The recent controversy about Alice Walker – her bizarrely anti-Semitic poem It Is Our (Frightful) Duty to Study the Talmud, and revelations that she reveres loony conspiracy theorist David Icke – focused on the content of her writing, not its style. Many literary people were just as puzzled by the form of this poem as by its message. We were on the whole surprised that such a terrible poem could be written by someone as famous as this (she did after all win the Pulitzer and her most famous novel is a standard of high-school curriculums), and that the outrage would be directed solely at its obvious message and falsehoods rather than at its high-school-essay language.
It wasn’t really a poem at all. It was an essay divided up into short lines and centred on the page. Some of these lines: “You will find some information, / Slanted, unfortunately, / By Googling. For a more in depth study / I recommend starting with YouTube.” This set of assertions makes up an argument about the danger of Jewish religious texts. Sidestepping what has already been said (these assertions are false), let’s think about why this was called a poem. She didn’t, by the way, label it as such: All the commentators did.
It’s true that it is not a novel. Or a short story. Or a play. What does it most resemble?
Imagine each of these lines sequentially numbered. Now what does it look like? It looks like a Twitter thread.
Compare a Canadian controversy, from a few weeks earlier, over something the media labelled a poem. The playwright Sky Gilbert caused consternation when he published a bit of a rant on his blog called “I’m Afraid of Woke People.” This was a response to a book by Vivek Shraya called I’m Afraid of Men, and it led to a fatal schism between Gilbert and the Toronto theatre company he co-founded many years ago. Again, the debate was about rival polemics, not about their format, but I couldn’t help noticing that Gilbert’s argument was written in the same form – short lines making successive declamatory points. He did not label it a poem, but many commentators did, probably because of this formatting. Here’s a sample stanza: “When I dress in drag, I fear I will be ‘dressed down’ by a 'Woke Person,’ screamed at for enjoying appropriated music, for making fun of trans people, and for my camp sense of humour.”
Since the early 20th century there has been no clear definition of what poetry is. Most postmodern theorists would dismiss any attempt at a definition as useless and dull. So one cannot say that this is not poetry – just perhaps that it is not very poetic poetry. Poetry tends to use highly concentrated language. This is very prosaic language.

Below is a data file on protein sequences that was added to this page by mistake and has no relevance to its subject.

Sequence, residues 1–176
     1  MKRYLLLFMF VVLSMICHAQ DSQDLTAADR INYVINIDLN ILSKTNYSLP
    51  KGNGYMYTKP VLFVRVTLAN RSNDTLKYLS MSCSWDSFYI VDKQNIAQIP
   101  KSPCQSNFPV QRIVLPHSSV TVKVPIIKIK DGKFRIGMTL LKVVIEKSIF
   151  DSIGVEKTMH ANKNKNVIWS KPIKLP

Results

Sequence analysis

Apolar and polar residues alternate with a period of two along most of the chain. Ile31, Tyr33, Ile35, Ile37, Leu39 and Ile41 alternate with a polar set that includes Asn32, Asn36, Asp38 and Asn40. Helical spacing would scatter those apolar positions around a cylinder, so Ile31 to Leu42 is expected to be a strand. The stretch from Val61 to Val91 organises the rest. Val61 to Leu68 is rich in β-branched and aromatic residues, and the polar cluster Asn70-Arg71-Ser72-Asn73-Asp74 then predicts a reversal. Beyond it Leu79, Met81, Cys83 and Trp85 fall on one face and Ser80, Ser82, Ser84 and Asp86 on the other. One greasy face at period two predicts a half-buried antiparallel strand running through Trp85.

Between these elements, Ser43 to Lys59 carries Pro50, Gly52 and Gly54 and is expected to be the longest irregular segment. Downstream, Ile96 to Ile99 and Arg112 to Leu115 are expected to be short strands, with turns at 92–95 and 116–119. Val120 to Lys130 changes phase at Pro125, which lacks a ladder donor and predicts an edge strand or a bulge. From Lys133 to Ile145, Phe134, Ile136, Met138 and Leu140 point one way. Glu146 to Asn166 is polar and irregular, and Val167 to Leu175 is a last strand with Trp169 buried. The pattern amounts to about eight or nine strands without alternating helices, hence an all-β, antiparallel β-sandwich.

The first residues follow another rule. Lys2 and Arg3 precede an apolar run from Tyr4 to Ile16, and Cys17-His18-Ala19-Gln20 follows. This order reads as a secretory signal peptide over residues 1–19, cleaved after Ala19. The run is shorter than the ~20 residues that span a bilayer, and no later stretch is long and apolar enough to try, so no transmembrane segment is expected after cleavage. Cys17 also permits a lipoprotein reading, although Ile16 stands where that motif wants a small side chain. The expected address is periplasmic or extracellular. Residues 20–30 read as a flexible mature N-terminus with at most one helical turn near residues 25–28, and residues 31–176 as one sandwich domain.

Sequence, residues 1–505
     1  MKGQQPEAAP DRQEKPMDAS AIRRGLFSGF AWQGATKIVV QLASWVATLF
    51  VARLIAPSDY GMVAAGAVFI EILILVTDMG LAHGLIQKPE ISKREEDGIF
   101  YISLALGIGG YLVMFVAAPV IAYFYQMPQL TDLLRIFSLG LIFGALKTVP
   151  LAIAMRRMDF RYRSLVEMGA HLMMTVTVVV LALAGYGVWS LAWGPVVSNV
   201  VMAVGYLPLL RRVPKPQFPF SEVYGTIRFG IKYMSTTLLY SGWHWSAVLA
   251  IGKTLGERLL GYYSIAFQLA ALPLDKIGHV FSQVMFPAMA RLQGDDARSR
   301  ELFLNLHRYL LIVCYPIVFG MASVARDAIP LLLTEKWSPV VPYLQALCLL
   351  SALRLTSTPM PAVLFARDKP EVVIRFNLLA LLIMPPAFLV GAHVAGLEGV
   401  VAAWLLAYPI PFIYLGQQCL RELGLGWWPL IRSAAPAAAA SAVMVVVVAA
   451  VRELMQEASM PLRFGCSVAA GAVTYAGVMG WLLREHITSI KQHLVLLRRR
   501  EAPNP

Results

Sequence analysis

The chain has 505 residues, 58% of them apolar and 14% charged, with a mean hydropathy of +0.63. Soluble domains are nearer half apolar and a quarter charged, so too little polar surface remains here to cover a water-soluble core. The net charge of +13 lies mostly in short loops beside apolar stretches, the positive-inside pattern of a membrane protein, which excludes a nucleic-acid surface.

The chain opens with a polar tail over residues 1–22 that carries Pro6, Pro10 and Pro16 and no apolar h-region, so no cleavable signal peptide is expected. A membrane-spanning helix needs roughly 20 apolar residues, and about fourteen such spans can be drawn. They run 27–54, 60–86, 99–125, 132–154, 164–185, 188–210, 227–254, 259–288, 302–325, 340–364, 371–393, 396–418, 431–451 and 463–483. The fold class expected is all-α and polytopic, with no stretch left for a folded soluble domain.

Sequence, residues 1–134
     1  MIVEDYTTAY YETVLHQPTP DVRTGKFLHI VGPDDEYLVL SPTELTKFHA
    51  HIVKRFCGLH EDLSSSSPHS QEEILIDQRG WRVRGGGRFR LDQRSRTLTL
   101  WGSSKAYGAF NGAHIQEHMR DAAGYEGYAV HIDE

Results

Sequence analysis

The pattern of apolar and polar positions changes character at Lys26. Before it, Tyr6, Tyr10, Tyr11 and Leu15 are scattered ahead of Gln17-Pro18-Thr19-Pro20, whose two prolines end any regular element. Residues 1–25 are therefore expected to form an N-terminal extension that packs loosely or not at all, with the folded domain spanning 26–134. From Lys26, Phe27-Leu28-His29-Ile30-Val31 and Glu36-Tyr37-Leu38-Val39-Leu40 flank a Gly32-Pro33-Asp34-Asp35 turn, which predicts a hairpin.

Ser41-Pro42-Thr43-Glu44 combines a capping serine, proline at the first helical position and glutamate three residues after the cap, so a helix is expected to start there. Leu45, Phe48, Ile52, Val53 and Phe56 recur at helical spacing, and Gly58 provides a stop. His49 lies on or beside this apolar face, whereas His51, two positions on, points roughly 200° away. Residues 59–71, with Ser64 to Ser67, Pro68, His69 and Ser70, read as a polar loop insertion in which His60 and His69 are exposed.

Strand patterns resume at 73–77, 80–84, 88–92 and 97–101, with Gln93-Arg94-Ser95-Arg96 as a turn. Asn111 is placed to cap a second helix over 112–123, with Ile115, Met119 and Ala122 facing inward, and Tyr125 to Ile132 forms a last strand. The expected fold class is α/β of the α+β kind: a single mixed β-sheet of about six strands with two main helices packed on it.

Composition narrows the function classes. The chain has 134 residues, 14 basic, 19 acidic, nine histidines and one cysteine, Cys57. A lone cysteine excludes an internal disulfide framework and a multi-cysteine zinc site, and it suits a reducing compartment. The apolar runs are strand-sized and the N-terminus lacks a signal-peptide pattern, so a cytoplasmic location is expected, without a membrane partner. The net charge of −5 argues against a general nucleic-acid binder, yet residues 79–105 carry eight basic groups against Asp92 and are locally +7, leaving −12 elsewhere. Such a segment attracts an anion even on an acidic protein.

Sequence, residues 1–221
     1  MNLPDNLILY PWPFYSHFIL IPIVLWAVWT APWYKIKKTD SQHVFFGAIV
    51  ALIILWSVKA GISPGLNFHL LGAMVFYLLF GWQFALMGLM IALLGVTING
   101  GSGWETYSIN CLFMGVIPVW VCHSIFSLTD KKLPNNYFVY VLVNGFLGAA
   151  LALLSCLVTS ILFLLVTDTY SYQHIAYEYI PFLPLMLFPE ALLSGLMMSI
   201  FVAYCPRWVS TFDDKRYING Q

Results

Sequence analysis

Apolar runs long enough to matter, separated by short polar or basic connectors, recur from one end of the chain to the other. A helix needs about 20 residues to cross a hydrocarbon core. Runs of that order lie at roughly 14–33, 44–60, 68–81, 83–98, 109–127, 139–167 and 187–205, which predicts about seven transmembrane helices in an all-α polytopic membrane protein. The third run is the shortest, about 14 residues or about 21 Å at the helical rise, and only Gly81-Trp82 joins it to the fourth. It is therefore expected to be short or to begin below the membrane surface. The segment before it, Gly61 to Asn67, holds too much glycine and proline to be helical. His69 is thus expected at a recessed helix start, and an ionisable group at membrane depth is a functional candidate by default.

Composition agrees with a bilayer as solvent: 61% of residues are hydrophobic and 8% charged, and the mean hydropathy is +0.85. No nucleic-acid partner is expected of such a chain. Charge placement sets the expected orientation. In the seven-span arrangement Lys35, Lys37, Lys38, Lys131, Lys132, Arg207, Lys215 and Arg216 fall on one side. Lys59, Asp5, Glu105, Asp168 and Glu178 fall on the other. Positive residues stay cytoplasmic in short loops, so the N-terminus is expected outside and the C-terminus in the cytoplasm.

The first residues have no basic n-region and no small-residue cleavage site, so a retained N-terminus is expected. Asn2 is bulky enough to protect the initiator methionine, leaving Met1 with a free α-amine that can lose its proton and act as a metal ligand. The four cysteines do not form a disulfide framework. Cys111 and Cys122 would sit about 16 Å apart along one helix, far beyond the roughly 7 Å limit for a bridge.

Certainly poets have always used verse for political broadsides. There was quite an art to this in England in the 17th and 18th centuries. Alexander Pope’s The Dunciad was an attack on his philosophical rivals. But these polemical poems were set in regular metre and rhyme. The point of writing such arguments in verse was to accomplish an extraordinarily difficult technical feat, a kind of literary acrobatics. Samuel Butler’s Hudibras, a commentary on contemporary politics, also contained writing that was a pastiche of his enemy’s styles (thus at once satire and parody).
There’s no such stylistic ambition on display here.
Gilbert’s poem also draws much more from the technical constraints of Twitter than from any other formal tradition. (Again, imagine its stanzas being numbered and you can easily see it unscrolling on your screen.) This is a tweetstream by another name.
I’ve written here before about the natural convergence of contemporary poetry and Twitter. The new Rupi Kaur, 28-year-old Najwa Zebian, writes bite-sized inspirational poems for Instagram. (Zebian has lines such as “may your heart / always be kind / even though / the world out there / could shatter you / for being kind.” Her new collection Sparks of Phoenix is about to be published and will doubtless be a bestseller.) Social media, so useful for the broadcasting of pithy ideological stands, is equally useful for the publicizing of one’s immediate emotional suffering, as the public response to plangent laments is immediate and comforting. Furthermore, those two domains – the denunciation of enemies and the proclamation of personal “trauma” – are increasingly the same thing.
It’s true that the labels don’t really matter. An optimist will say that we may be entering a new golden age of accessible and activist poetic writing, one that actually, unlike artsy-fartsy poetry, serves a political function. A new genre may be emerging: the blunt and emotional jeremiad. It won’t be beautiful, but at least it will break free of W. H. Auden’s glum assertion that “Poetry makes nothing happen.”
Meanwhile experimental poets have been using Twitter for some years now as a publishing platform for more cryptic and conventionally poetic lines. Just this morning I saw a Facebook post by the Canadian poet Gregory Betts, who is currently teaching in Dublin. He wrote, “On a day when some poems I thought were poems were politely rejected by a magazine, I received a request from a different, established zine to publish a tweet of mine as a poem.” It’s as if the poet himself can’t tell when he is writing poetry or tweeting. He added, mischievously, “Also, this is a poem.”